Good Sport: An Atlantic city, tired of going out on the losing end

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jeffby Jeff Laughlin

I had the perfect column in hand — a mix of hometown pride and current town intrigue. Southern Guilford High School football threw it all away.

I’d like to believe that they knew my article would be immaculate. They had the juggernaut Havelock High School — the town where I spent my formative years — and the playoff semifinals in their sights. They lead Eastern Wayne High School 29-14 heading into the fourth quarter. I kept up with the game, writing the preamble to my greatest deadline work in history.

Then I received a subtle reminder that these were kids. Southern Guilford allowed 35 points in the fourth and lost in OT.

No lead should have swelled my confidence. No undefeated record should have fooled me. If I learned anything from cheering for any team in my sordid history, I should have learned that you never smile until that final whistle.

My father taught me that.

He raised me on some lean teams. We watched some of the worst teams in history trudge through lost seasons, give away massive leads and sleep through big games.

I cursed Southern Guilford. I’m sorry.

Since then, Havelock High School cruised past Eastern Wayne, 35-12. And they will play in the championship game in Raleigh this weekend. Remarkably, I knew this would happen. Not because I keep up with any iteration of high school sports, but because I had heard for the better part of my formative years that if Havelock had any kind of coach, they’d win championships every year.

See, my dad coached middle school sports for a number of years. Because of his disrespectful attitude toward authority — authoritarians often labeled him “an asshole” — he never rose to any prominence. Still, he coached well. Going through his scorebooks one night, we calculated his record as a basketball coach as 199-80 before Havelock Middle School replaced him in the 1990s.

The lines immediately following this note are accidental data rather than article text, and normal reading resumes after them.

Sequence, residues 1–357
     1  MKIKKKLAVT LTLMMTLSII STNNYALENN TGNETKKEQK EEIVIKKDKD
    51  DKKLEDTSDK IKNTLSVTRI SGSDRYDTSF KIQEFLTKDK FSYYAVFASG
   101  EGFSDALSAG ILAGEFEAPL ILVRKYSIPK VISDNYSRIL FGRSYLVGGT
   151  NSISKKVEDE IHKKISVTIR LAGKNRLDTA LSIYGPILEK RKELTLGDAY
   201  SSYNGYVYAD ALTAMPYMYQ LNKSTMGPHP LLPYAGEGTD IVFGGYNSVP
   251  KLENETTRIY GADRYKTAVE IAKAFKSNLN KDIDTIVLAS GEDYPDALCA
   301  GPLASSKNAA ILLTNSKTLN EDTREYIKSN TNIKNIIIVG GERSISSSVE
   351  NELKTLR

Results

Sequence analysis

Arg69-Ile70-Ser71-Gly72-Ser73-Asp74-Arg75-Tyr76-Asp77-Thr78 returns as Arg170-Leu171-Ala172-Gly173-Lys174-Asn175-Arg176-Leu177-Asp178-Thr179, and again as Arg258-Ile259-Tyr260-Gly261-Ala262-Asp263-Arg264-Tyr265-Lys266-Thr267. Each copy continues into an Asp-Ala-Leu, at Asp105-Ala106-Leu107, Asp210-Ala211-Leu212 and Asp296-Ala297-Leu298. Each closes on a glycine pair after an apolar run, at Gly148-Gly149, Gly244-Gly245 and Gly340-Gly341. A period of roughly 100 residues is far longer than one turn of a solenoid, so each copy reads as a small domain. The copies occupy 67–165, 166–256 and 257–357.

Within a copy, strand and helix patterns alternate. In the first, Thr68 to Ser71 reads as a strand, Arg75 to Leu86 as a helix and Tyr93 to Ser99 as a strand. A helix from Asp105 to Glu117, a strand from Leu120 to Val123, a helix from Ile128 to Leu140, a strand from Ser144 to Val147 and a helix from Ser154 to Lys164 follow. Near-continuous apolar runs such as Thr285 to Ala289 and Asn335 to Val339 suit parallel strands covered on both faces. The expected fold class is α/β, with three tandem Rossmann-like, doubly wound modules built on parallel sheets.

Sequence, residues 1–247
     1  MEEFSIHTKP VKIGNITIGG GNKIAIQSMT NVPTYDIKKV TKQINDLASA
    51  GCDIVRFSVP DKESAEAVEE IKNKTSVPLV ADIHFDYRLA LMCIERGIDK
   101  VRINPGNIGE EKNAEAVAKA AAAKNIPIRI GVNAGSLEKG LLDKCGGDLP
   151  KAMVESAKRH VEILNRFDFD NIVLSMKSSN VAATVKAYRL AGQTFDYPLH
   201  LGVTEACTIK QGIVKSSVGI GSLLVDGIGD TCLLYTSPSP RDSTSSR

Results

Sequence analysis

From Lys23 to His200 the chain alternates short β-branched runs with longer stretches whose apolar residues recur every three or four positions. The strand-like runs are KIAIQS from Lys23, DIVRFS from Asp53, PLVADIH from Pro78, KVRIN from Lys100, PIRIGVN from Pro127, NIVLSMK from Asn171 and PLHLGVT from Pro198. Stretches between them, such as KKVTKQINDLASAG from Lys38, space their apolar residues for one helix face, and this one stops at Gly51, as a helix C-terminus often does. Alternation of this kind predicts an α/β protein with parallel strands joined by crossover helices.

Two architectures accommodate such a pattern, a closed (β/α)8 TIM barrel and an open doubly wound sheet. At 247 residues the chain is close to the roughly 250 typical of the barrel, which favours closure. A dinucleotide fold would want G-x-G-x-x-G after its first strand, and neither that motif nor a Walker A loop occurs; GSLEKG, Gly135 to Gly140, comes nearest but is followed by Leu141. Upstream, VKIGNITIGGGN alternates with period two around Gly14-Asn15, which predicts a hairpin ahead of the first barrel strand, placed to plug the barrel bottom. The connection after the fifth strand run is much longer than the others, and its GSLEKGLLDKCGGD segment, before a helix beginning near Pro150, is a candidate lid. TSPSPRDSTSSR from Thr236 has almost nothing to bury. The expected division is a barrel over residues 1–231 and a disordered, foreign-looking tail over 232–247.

In the rare instances he went to see his old players play at the next level, he left disgusted. He blamed the high school for leaving behind good players because no one wanted to help them. He blamed the slow-down system that coaches used in all the sports he watched. In his mind, Havelock’s notoriously bad teams didn’t lack talent or smarts. They lacked leadership.

All the fence-leaners — those glorious old men reliving their high school glory every fall Friday — would light up when my dad showed up to grouse about how poorly the teams played.

“You got a bunch of kids who win track meets out there and the coaches want them to stand in a circle and play catch,” he used to say. He’d sigh and shake his head damn near every time. Then the faraway stare would take over.

Of course, I didn’t believe him. I saw the scores — any team with a decent roster destroyed our football team. They were hapless, year after year. What coach could help this team?

Enter Jim Bob Bryant. He inherited a team that went 13-32 over the four previous years and produced champions. I don’t mean that in the “on and off the field” way, either.

I mean, Bryant immediately instilled a no-huddle, spread offense and ran every team in Havelock’s conference off the field. I mean, his teams have won three straight state championships. And on Friday, they’ll play for a fourth.

He’s lost only two games in three years — both to New Bern High School by a combined five points. New Bern won the 4A state title last year and will appear in this year’s championship game as well.

Unfortunately, Havelock will play for that fourth ring against Crest High School out of Shelby, a semi-faraway town that lends nothing to this article. Southern Guilford may not have challenged Havelock, much like Eastern Wayne, but I get the feeling they would have shown the standard-bearers a fight.

Meanwhile, if I stood near my father’s grave, I’m sure I could hear his head nodding gently against the vase we put him in a few years ago. Probably for the best — a lot of those authoritarians were correct. He was an asshole.

Especially when he happened to be right.

Maybe I’ll be at the 3A state championship game for the fourth year in a row, maybe I won’t. Either way, I’m the proud legacy of a man who knew exactly what he spoke of — even if he died before his point hammered home. If there’s one thing I’ve learned, it’s that the final whistle stops nothing: the perfect season, the perfect matchup, the perfect column.

That final whistle just picks winners and losers. And for the first time in a long time, my old stomping grounds haven’t been caught on the wrong side of that line.